H. But, Father, you don't mean to say that all men are equally wicked and bad ?
F. I am speaking of the wickedness of the heart and mind in the sight of God. There are great differences in the conduct of men in the world as they appear to us; but so long as men, women, and children, do not believe God, and love him, and his truth, their minds are enmity against him.
c. But I don't think that I am an enemy of God.
M. I should be happy, my dear, to see that you were not, but I have my fears of you. Answer me a question.
C. I will, Mother.
C. I think I do.
M. Do you love him better than Father, or Mother, or brothers and sisters?
C. But why must we love God better than Father and you?
M. I thought you would hesitate. Because God is the best, most glorious, and most lovely of all beings, there are none like him in heaven, neither are there any in earth, that can be compared to him. He is our kindest and most faithful friend. He has an infinitely greater love to us than any being can have; he, therefore, has a right to our supreme love, and he demands it in the very first commandment, “ Thou shalt have no other gods before me.”.
C. Oh, Mother, I really cannot say that I have loved God better than my Father and you.
M. I love your candour, Catharine, but I must tell you the truth, that until your love of God be superior to your love of any creature, there will be enmity in your mind against him.
F. The great proof of love to God is to keep his commandments, and to do those things that are pleasing in his sight.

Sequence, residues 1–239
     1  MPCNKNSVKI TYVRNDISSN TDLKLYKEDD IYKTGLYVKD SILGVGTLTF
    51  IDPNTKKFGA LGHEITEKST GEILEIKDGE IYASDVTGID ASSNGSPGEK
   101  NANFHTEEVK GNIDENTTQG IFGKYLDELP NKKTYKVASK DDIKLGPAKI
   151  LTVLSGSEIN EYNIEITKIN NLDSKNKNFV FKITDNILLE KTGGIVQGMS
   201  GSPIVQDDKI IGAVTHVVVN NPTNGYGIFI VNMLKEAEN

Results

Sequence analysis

H. What commandments, Father, do you mean? the ten commandments ?
F. Yes, we may consider these as inclusive of every duty we owe to God and our fellow creatures.
H. I admit, with Catharine, that I have had greater love for you, and mother, and sisters, and brothers, than I have had for God; yet I think I do love him, and regard all the commandments.
M. Indeed, Henry ! did you never take the name of God in vain ?
H. No, Mother, I never swore an oath in
M. Well, I believe that you do not swear ; but did you never say prayers without thinking of God? did you never read the word of God without a reverence and love to his name while pronouncing it? did you never use those very improper exclamations, God bless me! have mercy on us ! &c.?
H. But I did not think that taking the name of God in vain meant any thing else than swearing.
M. You are not singular in this thought, Henry; but in our professed worship of God, unless we believe in him, love him, and worship “him in spirit and in truth,” we do take his name in vain, and he will not hold us guiltless.
C. Well, but, Mother, I'm sure you can't say that we break the Sabbath day by walking the streets, and strolling in the fields like a number of ch dren. M. And a good reason is, because your
Father and I do not allow you ; but I think I have heard both you and Henry say, that you would like very well to be allowed to walk,